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Hudson officials, community celebrates new Memorial Stadium with ribbon cutting ceremony

By M.A. Ferguson-Rich/ Published: August 23, 2012
Hudson stadium opening
Hudson resident tries out the tunnel at the new Memorial Stadium on Thursday. (M.A. Ferguson-Rich/

HUDSON: A crowd of about 700 people filled the bleachers at Hudson Memorial Stadium for the very first time on Thursday.    

"I don't know if there's anything not possible in Hudson," said Superintendent Steven Farnsworth.

The ribbon cutting ceremony Thursday marked the completion of the $5.5 million stadium, which was funded by private donations. Construction began in March.

The Tom and Joy Murdough Foundation gave $3 million of that total, and it was at their request that the stadium was named to honor Hudson residents who lost their lives while serving in

America's military forces

. The field will bear their name.

The field is ready for the Explorers first scheduled game against Kenston at 7 p.m. on Friday.

"I can't think of another stadium that was built this way," said Farnsworth.

Usually, he says, a district has to put a bond issue on the ballot and voters must approve the funding for such a project.

He pointed out that Scott Malson field at the Middle School was also built from private donations.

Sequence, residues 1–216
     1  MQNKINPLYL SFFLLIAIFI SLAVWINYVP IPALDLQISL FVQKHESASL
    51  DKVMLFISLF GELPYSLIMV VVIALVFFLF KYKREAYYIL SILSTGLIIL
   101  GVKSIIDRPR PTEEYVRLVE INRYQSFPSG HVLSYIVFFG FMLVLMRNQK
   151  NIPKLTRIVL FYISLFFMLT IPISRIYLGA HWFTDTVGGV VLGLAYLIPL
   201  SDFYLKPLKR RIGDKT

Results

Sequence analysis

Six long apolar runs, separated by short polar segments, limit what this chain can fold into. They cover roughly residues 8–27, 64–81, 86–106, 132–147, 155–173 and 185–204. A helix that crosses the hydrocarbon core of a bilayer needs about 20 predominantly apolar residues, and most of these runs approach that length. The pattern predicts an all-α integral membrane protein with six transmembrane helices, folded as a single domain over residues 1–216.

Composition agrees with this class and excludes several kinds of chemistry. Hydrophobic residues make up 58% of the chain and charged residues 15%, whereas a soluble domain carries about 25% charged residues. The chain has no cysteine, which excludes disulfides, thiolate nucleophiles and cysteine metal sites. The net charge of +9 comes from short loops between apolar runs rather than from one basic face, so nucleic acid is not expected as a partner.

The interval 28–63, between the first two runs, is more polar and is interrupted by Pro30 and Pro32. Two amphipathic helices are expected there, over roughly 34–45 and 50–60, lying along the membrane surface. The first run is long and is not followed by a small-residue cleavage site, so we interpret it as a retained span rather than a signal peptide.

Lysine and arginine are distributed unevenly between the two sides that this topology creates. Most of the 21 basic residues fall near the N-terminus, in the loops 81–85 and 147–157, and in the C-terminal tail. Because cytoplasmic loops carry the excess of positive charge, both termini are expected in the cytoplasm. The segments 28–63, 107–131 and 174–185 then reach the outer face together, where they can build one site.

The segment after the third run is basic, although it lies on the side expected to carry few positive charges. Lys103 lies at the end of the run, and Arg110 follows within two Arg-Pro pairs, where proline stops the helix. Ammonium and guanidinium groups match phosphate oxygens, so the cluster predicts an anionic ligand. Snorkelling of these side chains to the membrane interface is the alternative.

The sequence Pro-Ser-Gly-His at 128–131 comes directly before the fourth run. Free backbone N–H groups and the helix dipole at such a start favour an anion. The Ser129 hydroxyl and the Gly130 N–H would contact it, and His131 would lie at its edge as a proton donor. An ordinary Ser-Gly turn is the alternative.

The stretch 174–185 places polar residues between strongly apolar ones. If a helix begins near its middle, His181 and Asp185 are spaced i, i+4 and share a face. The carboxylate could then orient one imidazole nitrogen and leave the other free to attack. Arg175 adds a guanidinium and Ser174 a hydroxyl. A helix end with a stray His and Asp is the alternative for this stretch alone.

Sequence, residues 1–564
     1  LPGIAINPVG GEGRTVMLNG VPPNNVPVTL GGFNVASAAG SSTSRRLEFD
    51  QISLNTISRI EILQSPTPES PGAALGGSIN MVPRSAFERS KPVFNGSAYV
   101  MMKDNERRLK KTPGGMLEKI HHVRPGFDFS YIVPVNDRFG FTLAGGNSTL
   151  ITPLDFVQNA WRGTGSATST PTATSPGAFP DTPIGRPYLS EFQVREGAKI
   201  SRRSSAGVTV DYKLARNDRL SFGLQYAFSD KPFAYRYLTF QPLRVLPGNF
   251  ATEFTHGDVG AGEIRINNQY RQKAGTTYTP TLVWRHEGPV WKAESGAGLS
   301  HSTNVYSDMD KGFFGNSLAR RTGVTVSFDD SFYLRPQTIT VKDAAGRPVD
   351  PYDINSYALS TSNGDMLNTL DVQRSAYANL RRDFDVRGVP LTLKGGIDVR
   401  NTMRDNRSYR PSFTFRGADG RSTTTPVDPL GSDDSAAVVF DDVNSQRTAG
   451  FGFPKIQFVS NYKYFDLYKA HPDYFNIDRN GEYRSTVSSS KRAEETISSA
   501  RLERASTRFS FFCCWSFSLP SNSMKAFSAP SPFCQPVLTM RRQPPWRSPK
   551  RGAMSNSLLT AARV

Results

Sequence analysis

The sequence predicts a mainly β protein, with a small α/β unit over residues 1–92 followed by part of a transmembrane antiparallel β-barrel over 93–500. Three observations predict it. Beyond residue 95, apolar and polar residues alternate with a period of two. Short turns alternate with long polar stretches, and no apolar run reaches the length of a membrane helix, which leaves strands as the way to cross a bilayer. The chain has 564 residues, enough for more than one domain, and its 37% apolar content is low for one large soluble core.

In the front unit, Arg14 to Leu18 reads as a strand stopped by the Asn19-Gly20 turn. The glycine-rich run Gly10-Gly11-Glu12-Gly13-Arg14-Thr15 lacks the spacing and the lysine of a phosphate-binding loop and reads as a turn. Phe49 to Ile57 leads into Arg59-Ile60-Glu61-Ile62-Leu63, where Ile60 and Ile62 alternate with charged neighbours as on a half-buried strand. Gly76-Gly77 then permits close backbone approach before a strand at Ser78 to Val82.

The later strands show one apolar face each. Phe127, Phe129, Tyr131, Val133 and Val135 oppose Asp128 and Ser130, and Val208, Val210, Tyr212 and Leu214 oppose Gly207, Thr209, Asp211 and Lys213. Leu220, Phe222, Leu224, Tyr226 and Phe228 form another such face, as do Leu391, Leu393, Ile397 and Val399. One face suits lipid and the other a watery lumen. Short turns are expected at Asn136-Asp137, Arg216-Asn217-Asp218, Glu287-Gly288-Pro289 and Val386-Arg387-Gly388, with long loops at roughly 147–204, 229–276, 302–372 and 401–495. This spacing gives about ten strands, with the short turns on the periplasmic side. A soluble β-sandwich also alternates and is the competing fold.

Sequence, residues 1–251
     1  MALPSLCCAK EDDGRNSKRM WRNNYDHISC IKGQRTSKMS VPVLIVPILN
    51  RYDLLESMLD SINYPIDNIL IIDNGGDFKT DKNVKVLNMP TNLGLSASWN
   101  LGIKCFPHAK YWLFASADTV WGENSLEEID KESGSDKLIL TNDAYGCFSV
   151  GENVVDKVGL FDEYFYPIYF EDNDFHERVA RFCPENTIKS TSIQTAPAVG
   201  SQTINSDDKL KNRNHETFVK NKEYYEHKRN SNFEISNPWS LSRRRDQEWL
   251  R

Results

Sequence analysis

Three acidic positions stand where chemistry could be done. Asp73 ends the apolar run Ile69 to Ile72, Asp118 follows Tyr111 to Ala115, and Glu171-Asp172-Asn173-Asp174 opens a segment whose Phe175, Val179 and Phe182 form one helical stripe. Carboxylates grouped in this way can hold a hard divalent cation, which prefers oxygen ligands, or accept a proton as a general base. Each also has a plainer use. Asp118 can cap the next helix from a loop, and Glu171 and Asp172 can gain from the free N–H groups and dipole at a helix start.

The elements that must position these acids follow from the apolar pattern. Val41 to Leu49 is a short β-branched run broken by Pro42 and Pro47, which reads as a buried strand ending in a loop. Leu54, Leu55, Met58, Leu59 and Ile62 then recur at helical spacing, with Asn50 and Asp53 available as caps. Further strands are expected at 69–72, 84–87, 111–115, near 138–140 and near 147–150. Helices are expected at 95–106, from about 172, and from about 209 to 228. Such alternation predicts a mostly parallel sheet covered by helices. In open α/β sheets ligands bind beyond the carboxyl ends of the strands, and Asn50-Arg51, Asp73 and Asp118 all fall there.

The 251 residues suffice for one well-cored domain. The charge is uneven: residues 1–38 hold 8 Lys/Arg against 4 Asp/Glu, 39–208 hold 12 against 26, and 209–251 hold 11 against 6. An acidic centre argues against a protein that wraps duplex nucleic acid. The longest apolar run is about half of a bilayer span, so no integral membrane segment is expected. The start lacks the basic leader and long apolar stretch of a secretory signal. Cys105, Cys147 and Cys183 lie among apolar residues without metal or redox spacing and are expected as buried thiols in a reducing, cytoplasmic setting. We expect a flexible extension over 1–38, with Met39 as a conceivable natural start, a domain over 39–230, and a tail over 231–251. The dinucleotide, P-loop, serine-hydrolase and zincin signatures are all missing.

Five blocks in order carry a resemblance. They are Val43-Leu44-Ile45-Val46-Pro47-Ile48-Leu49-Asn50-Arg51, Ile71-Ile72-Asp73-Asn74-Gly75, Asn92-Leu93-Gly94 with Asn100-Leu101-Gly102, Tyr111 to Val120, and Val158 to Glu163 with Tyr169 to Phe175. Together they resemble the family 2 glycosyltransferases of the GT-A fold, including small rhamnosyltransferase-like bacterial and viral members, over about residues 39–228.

In a bad economic time, Farnshworth marveled at the community's accomplishing two such costly projects, without requiring the use of public funds.

Mayor William Currin described it in his speech as "the single largest community philanthropic effort in the City of Hudson."

Farnsworth lavished praise for former head football coach and athletic director, Edward Sogan, who spearheaded the fundraising campaign.

The stadium has seating for 3,000 on the home side, and 2,000 for the visitors. It has state-of-the art turf, and a press box 78-feet-long.

There is a 2,300-square foot building, which houses concessions and restrooms on the home side, and a 1,200-square-foot building on the visitor's side.

At the entrance is a military memorial: five monuments dedicated to Hudson residents who have died in war. 

There are also engraved commemorative veteran and active duty service bricks and a 60-foot flag pole.

Currin described the stadium as "proof, we as a community have the ability to be remarkable."

Pre-game activities begin at 5:15 p.m. on Friday, with the Hudson marching band playing music with a military theme.

Visiting members of the military will lead the football team through the tunnel at the start of the football game.

Communications Manager Sheryl Sheatzley invites all active servicemen, servicewomen and reservists, to attend the first game in their uniforms and receive free admission.                    

Dedication activities will conclude on Saturday with a 5K run/walk to benefit disabled veterans.